In an effort to protect victims of domestic violence and ensure fair due process for all New Jersey residents, the Assembly Women and Children Committee advanced a bill Monday which would require certain domestic violence orders to be issued in English and other additional languages.
Assemblywoman Shanique Speight (D-Essex) introduced the legislation (A-1078) after witnessing as an officer the barriers non-English speakers can face in the court system. She and fellow sponsors Eliana Pintor Marin (D-Essex) and Angela McKnight (D-Hudson) released the following joint statement upon the bill’s passage:
“It’s important in any court case – but especially one related to charges as serious as domestic violence – that both the victim and defendant understand any legal action involving them.
“Police officers are required to give victims of domestic violence a notice of their rights, including the right to press charges and file a restraining order against their abuser. However, if one or both of the people involved in that litigation do not speak English, they will be unable to comprehend any formal documents given to them.
“All parties need to be able to evaluate and review the details of their case.
“Without court orders they can actually read, victims will not understand how to legally defend themselves while defendants will not comprehend the stipulations of their restraining orders. Anyone who does not understand the details of an order can unintentionally violate it, creating further consequences for all involved that could easily have been avoided.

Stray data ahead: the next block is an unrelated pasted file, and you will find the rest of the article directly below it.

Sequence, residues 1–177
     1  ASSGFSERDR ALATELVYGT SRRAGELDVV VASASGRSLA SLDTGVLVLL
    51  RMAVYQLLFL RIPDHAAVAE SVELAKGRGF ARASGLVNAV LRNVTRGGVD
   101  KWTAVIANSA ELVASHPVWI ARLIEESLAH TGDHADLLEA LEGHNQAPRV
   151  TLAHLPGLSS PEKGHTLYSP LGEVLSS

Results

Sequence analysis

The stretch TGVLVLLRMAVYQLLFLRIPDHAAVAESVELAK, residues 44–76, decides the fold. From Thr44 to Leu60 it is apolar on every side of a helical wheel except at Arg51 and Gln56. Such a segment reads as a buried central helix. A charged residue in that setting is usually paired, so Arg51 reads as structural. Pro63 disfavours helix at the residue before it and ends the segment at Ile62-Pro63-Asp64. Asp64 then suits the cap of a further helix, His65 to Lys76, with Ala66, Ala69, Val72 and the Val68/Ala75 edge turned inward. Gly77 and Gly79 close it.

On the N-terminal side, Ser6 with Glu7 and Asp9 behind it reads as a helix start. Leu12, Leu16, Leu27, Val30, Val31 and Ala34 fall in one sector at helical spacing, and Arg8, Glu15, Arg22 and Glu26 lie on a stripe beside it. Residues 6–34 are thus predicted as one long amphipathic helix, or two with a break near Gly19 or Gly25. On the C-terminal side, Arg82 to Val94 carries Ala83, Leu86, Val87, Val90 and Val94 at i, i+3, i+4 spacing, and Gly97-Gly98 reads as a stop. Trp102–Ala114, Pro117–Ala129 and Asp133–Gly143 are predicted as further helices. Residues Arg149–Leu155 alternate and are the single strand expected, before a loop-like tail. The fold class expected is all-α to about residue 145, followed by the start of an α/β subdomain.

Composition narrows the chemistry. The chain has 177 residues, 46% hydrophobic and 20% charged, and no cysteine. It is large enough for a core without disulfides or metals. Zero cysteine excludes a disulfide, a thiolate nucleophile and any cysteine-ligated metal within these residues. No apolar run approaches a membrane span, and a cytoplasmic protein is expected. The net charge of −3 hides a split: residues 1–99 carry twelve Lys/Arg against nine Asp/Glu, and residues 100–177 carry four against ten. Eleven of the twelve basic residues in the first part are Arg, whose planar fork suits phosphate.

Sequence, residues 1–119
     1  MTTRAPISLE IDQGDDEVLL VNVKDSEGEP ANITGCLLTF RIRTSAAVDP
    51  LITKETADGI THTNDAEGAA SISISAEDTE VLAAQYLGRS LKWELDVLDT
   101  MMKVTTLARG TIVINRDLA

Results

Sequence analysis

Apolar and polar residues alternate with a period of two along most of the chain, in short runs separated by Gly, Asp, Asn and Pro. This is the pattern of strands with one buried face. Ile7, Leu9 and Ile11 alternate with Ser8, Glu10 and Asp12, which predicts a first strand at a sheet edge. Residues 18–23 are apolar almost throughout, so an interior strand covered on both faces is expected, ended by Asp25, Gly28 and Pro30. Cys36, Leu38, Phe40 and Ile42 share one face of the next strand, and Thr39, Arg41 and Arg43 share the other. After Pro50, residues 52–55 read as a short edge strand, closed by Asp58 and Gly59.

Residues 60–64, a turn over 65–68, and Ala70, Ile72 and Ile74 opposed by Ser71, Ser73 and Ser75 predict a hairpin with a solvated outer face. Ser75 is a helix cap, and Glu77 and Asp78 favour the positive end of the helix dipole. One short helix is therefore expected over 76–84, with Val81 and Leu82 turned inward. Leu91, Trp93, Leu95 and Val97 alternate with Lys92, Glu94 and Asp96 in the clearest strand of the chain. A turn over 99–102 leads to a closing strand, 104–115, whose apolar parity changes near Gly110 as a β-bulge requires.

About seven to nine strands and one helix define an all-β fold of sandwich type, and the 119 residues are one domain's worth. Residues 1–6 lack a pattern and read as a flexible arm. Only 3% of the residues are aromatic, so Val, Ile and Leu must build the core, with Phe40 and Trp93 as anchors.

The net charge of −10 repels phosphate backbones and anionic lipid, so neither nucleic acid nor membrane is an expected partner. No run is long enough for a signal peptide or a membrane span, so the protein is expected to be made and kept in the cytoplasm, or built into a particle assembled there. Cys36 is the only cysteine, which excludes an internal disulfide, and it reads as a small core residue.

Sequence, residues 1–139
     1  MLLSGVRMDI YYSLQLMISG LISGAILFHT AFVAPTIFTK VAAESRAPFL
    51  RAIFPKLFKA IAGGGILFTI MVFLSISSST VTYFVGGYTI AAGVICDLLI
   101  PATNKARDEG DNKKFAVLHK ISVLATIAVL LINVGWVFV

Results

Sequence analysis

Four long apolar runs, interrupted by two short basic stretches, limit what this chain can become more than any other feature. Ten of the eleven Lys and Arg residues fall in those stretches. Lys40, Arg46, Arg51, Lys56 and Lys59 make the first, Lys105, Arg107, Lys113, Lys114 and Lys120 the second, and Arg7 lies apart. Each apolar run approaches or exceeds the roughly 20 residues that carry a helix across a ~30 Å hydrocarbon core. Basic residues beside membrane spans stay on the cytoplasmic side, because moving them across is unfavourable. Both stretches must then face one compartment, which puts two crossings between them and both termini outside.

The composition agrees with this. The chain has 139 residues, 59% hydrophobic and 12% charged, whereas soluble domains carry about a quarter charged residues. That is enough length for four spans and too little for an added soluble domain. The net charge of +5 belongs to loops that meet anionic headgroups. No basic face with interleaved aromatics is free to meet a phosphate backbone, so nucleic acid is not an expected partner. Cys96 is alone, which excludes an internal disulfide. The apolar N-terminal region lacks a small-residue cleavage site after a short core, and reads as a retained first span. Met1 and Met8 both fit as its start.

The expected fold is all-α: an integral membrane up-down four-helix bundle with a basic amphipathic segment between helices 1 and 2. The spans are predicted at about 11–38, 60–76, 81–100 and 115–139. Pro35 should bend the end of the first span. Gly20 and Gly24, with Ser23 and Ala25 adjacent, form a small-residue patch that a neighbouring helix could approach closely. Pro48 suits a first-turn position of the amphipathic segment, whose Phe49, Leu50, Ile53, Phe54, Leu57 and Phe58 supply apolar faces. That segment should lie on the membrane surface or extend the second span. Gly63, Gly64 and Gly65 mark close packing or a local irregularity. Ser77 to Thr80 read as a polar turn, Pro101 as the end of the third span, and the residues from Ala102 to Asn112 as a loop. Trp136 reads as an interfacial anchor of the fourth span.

“We must recognize that people of all backgrounds have made a home in New Jersey. At least 155 different languages are spoken throughout the state and more than 12 percent of our residents are unable to speak English with a high level of proficiency.
“While this legislation will help level the playing field by providing access to certain legal documents in other languages, we must be mindful of what inclusivity will look like at every level of government. The ultimate goal is to expand language access throughout the entire court system.
“Justice cannot be served unless it is accessible to all residents, including those who do not speak English.”